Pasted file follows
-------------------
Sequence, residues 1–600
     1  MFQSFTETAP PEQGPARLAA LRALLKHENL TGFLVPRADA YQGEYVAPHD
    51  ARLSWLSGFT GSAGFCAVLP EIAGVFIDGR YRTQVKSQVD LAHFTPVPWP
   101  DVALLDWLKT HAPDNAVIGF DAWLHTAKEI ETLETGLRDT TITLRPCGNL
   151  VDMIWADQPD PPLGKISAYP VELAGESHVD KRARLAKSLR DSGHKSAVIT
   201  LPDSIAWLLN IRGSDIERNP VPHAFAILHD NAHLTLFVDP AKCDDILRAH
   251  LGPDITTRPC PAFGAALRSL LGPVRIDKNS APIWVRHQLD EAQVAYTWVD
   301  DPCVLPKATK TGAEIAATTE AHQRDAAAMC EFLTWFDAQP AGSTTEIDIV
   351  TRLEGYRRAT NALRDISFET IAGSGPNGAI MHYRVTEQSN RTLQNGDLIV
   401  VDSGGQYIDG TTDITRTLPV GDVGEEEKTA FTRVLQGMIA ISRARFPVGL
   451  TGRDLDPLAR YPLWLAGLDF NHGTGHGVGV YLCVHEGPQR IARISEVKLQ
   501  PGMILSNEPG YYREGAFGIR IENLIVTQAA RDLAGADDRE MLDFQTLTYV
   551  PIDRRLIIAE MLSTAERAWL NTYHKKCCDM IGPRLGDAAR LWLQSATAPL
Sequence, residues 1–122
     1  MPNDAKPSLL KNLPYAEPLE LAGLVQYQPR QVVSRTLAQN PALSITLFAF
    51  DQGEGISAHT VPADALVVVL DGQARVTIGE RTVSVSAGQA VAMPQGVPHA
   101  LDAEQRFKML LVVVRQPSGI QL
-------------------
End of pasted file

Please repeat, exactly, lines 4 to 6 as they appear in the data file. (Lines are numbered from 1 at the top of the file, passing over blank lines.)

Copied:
   101  DVALLDWLKT HAPDNAVIGF DAWLHTAKEI ETLETGLRDT TITLRPCGNL
   151  VDMIWADQPD PPLGKISAYP VELAGESHVD KRARLAKSLR DSGHKSAVIT
   201  LPDSIAWLLN IRGSDIERNP VPHAFAILHD NAHLTLFVDP AKCDDILRAH